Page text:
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Smaller Foreign ETFs Beating The Big Boys

Cinthia Murphy

International equity ETFs listed in the U.S. have already attracted $104 billion in fresh net assets so far this year. That makes it the most popular asset class with U.S. investors looking to foreign equities for outsized gains relative to the U.S. stock market.

And for the most part, and deliver outperformance is what they’ve done.

Among the investor favorite picks year-to-date are developed-market ex-U.S. giants like the iShares Core MSCI EAFE ETF (IEFA), which has attracted more than $14 billion in fresh net assets this so far year. Its counterpart, the iShares MSCI EAFE ETF (EFA), has seen inflows of nearly $10 billion. The Vanguard FTSE Developed Markets ETF (VEA) has net inflows for 2017 so far of more than $11 billion.

Emerging Markets Popular Too

In the emerging market ETF space, the iShares Core MSCI Emerging Markets ETF (IEMG) has seen net creations so far in 2017 of nearly $12 billion, and the Vanguard FTSE Emerging Markets ETF (VWO) has gathered more than $6.5 billion.

All of these ETFs have outrun funds like the SPDR S&P 500 (SPY) and the iShares Russell 1000 ETF (IWB) notably year-to-date. In the race between developed-market ex-U.S. versus U.S. large-cap stocks, international equities are ahead by at least 5%, as measured by these funds: 

 

 

Between emerging markets and U.S. equities, the outperformance is even more pronounced, with emerging market equity ETFs up almost twice as much as U.S. stock funds: 

 

 

 

Hot Money On Hot Ride

If the 15% jump in total assets linked to international equity ETFs this year was fueled by investors chasing outperformance, the good news is that the hot money has been in fact on a hot trail.

However, what’s also clear here is that investors are going for the big, the popular, the highly liquid and the cheapest ETFs in the segment. Because from purely a performance perspective, the blockbuster charts so far this year aren’t linked to these “most popular” ETFs.

Consider that the three-best-performing foreign stock funds year-to-date have attracted only about $575 million in combined assets. One of them has only seen $8 million in net inflows all year. Their performances are packing a punch, but there’s little hot money chasing them.

These funds are certainly a lot smaller than the likes of IEFA and IEMG, and they are also a lot more expensive and narrower in focus. But they are delivering gains of more than 55% each—roughly five times the gains of the S&P 500. They are:

 

 

China Key Element

KWEB tracks a foreign-equity index composed of overseas-listed Chinese internet companies. The fund, which has $756 million in total assets, has an expense ratio of 0.72%, and trades on average only $15 million a day, with a spread averaging 0.09%. It’s not that cheap to get in and out of this fund, which is relatively expensive to begin with, at $86 per $10,000 invested.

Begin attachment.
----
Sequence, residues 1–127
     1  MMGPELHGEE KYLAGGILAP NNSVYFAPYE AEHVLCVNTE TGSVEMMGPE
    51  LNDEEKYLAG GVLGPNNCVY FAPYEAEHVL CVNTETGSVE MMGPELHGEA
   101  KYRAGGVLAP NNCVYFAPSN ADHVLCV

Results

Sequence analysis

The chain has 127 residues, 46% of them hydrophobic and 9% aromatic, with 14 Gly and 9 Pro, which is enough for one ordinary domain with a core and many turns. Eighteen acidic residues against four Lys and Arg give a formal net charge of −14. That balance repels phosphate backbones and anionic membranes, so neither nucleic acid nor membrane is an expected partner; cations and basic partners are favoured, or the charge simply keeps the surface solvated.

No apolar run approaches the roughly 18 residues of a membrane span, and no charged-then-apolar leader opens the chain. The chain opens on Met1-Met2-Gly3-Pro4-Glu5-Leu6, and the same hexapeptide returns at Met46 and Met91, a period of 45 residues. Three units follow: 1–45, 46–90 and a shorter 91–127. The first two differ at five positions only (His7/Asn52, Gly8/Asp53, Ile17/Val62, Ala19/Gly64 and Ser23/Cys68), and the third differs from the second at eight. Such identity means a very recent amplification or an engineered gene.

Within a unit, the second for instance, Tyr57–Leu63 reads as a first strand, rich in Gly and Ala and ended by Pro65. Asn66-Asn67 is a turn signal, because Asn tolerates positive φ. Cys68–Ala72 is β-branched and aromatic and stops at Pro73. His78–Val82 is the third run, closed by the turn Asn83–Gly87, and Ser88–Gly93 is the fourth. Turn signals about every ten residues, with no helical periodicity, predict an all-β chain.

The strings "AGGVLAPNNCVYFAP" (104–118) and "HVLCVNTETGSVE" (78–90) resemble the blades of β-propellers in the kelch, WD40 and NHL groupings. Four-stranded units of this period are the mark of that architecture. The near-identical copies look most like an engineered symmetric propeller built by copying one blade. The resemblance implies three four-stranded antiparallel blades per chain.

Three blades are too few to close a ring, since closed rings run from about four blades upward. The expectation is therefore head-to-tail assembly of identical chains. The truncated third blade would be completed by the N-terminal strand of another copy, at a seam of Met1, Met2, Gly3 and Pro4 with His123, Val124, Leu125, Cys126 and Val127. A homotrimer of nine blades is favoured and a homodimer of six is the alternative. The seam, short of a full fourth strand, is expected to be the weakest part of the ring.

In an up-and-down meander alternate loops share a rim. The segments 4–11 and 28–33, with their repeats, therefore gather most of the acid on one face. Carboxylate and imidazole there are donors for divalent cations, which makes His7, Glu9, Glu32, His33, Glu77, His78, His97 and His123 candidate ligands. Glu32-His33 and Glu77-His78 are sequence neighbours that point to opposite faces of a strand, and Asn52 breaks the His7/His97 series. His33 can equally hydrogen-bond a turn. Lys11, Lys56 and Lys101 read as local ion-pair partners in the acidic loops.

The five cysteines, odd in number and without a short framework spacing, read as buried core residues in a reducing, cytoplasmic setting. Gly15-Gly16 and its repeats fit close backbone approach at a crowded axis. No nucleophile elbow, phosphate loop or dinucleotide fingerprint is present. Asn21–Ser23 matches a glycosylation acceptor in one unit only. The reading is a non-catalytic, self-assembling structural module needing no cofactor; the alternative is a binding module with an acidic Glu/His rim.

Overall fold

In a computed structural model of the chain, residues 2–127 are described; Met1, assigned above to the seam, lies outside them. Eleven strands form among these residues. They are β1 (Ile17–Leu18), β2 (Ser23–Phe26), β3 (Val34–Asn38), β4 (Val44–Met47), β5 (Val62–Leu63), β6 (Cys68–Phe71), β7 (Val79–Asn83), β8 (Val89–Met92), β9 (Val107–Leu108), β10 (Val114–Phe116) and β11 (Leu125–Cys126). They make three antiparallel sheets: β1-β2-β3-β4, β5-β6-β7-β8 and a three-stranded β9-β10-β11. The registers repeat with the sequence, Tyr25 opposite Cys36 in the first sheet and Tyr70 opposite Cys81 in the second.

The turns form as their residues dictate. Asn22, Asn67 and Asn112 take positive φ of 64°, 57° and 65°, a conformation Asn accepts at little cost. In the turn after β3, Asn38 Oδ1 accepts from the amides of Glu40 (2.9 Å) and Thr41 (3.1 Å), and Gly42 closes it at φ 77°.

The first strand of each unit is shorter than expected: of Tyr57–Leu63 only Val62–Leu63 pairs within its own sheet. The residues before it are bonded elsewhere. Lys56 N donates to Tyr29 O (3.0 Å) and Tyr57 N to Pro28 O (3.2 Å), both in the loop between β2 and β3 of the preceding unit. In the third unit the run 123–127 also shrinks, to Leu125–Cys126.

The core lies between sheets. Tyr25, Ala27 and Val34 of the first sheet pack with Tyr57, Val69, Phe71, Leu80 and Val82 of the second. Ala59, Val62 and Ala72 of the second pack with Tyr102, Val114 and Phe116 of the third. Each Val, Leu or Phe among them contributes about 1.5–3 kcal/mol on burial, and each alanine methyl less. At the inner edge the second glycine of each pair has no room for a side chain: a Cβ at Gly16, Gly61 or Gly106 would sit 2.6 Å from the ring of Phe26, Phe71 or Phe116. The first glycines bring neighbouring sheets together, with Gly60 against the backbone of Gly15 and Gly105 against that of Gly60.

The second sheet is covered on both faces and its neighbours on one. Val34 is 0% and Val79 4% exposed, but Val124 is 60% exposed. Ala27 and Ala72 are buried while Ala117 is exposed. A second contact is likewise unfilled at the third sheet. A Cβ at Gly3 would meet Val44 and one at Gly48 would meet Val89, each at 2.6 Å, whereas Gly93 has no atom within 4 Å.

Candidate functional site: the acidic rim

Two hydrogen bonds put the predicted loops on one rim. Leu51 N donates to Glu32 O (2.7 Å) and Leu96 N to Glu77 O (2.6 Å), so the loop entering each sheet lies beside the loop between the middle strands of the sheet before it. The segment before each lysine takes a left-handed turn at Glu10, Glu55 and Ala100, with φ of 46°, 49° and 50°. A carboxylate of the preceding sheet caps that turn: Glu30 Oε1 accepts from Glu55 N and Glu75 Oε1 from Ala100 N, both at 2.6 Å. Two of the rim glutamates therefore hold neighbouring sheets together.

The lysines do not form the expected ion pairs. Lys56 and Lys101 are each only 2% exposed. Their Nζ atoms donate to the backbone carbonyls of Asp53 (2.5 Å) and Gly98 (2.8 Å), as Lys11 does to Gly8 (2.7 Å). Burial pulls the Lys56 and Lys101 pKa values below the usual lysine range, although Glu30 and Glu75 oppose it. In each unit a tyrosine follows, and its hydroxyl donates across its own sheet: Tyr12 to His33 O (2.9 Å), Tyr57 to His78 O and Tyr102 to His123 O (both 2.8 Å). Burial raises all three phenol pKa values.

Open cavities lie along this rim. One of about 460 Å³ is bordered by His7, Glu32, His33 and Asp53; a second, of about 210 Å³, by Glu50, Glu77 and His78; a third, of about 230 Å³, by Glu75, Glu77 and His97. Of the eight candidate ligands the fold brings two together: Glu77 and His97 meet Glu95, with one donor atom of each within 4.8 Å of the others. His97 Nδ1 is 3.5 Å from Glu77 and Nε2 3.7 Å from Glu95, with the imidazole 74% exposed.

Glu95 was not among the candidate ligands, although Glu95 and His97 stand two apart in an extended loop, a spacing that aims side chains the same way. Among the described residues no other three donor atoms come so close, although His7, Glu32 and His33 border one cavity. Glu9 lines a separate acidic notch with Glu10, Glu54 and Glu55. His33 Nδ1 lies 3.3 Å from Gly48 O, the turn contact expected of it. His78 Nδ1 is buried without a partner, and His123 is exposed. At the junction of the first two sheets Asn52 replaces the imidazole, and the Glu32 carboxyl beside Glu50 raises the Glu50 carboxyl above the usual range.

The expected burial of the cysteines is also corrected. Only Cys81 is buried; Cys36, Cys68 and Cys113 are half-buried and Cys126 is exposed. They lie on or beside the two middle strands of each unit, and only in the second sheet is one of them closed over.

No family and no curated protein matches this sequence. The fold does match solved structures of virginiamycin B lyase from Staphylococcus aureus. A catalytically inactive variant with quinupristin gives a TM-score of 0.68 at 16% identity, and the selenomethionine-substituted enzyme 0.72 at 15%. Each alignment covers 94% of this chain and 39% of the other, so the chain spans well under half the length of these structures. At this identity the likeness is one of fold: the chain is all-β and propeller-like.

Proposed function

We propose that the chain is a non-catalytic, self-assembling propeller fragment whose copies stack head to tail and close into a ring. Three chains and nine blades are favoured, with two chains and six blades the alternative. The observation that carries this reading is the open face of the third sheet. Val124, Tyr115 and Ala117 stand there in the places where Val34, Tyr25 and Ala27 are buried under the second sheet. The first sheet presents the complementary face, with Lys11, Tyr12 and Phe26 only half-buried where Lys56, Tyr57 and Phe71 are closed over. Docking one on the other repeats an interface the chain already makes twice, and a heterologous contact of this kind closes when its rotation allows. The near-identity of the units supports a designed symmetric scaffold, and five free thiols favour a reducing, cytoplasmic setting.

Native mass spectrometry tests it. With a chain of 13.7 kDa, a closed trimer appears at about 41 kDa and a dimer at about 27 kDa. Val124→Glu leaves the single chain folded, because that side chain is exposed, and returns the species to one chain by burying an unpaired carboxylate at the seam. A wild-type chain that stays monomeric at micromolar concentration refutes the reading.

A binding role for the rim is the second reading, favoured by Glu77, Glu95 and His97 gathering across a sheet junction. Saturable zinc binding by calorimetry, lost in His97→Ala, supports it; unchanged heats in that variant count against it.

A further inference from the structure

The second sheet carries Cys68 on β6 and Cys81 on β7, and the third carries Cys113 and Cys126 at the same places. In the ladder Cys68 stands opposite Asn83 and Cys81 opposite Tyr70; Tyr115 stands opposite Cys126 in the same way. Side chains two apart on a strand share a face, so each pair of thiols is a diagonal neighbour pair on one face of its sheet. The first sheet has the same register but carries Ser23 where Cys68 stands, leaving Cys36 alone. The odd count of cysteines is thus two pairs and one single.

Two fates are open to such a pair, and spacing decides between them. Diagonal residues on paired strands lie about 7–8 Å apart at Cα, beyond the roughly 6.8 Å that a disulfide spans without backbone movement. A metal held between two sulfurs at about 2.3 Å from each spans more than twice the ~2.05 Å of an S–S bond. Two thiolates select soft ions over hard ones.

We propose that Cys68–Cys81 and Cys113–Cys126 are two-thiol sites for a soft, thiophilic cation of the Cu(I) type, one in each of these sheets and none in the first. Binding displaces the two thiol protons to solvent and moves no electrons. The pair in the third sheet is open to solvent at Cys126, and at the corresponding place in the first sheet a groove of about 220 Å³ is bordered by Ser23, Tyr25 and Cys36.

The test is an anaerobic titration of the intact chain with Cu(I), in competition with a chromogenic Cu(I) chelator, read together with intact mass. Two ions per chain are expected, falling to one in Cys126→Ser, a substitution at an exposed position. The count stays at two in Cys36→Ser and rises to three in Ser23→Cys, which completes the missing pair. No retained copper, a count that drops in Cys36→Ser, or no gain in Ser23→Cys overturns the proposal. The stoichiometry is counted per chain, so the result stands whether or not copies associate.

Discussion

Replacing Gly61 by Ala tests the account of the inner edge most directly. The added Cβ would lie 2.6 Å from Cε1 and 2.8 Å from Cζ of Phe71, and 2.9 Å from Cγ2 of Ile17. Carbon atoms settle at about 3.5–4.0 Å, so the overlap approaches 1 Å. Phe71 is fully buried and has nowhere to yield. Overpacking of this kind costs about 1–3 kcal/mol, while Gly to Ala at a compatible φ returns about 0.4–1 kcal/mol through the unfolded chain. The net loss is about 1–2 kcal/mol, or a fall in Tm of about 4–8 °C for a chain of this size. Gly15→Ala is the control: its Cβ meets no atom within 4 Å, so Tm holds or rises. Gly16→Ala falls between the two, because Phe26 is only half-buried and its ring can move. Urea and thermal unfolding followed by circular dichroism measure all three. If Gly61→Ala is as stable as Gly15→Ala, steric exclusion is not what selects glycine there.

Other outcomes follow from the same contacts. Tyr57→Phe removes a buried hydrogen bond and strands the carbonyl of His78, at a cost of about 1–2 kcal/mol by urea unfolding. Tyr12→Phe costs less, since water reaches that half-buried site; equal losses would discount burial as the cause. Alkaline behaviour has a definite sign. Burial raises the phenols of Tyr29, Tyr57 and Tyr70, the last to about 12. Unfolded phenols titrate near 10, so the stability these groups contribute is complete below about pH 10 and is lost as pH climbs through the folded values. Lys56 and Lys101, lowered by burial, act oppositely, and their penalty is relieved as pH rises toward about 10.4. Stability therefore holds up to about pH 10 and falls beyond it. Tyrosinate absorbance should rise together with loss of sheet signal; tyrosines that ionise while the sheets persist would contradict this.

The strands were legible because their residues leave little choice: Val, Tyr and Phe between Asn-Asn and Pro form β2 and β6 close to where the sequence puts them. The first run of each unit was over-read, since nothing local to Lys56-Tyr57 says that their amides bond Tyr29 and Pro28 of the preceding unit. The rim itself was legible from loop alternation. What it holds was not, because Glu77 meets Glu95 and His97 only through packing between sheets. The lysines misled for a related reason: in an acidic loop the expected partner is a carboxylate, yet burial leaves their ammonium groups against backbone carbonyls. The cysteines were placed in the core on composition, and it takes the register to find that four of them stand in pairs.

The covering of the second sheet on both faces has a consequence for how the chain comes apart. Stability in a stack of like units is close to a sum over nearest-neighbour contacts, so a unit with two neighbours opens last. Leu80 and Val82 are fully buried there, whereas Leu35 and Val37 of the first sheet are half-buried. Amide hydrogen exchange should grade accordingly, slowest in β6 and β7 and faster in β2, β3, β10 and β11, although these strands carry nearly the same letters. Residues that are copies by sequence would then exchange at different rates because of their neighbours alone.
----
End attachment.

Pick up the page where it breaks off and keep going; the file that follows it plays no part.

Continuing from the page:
The same can be said about EMQQ, which tracks a market-cap-weighted index of internet-related companies from emerging and frontier markets. This is not an ex-U.S. fund—U.S. represents some 19% of the country allocation—but the driving exposure is China, at about a third of the fund.

EMQQ, which has $252 million in total assets, costs a sizable fee—0.86%. On top of that, the fund trades on average only about $5.6 million a day, at an average spread of 0.11%.

By comparison, IEMG and VWO—much broader in focus, no doubt—each cost only 0.14% in expense ratio and have trading spreads averaging 0.02%. IEMG has $36 billion in total assets and VWO $60.5 billion.

CXSE, too, isn’t the most liquid fund. The $20 million-in-assets ETF trades less than $600,000 a day, on average, with an average spread of 0.45%. CXSE, which tracks an index of Chinese companies with government ownership of less than 20%, and excludes A-shares, has a 0.32% expense ratio.

 

Some Narrower Int’l ETFs Working Well

In the developed equity space, far narrower-in-focus—and smaller—funds are also shining brightly. Among them, ETFs like the Global X Robotics & Artificial Intelligence ETF (BOTZ) and the SPDR EURO STOXX Small Cap ETF (SMEZ) are rallying sharply.

That’s excluding several single-country ETFs—funds like the iShares MSCI Austria Capped ETF (EWO), iShares MSCI Germany Small Cap ETF (EWGS) and the iShares MSCI Poland Capped ETF (EPOL), each up around 40% YTD, and among the best-performing this year.

 

Charts courtesy of StockCharts.com

 

BOTZ has a large allocation to U.S. robotics companies, but its portfolio is led by Japan, with a 43.5% weighting. From a country perspective, BOTZ is a not a developed-market-ex U.S. ETF. Still, its performance as an international equity fund is nothing to scoff at—up 33.4% year-to-date.

BOTZ is less than one year old, and has $314 million in total assets in a portfolio that carries a 0.68% expense ratio, and that trades with an average spread of 0.07%.

SMEZ, which tracks a market-cap-weighted index of stocks from smaller European firms in eurozone countries, has only $15 million in total assets. The fund, which is three years old, trades only about $155,000 a day, with an average spread of 0.19%. SMEZ has an expense ratio of 0.45%.

Between these two funds, BOTZ has actually seen solid net inflows of more than $280 million this year—it seems investors are taking notice. But SMEZ has seen zero net inflows year-to-date.

We can’t really compare the exposure, the sheer liquidity and the low costs of giants like IEFA, VEA, IEMG and VWO to these much smaller, niche-ier international stock ETFs.

But there’s no question that if impressive performance were the only metric that mattered, it’s these smaller ETFs that are truly standing out so far this year.

Contact Cinthia Murphy at cmurphy@etf.com

 

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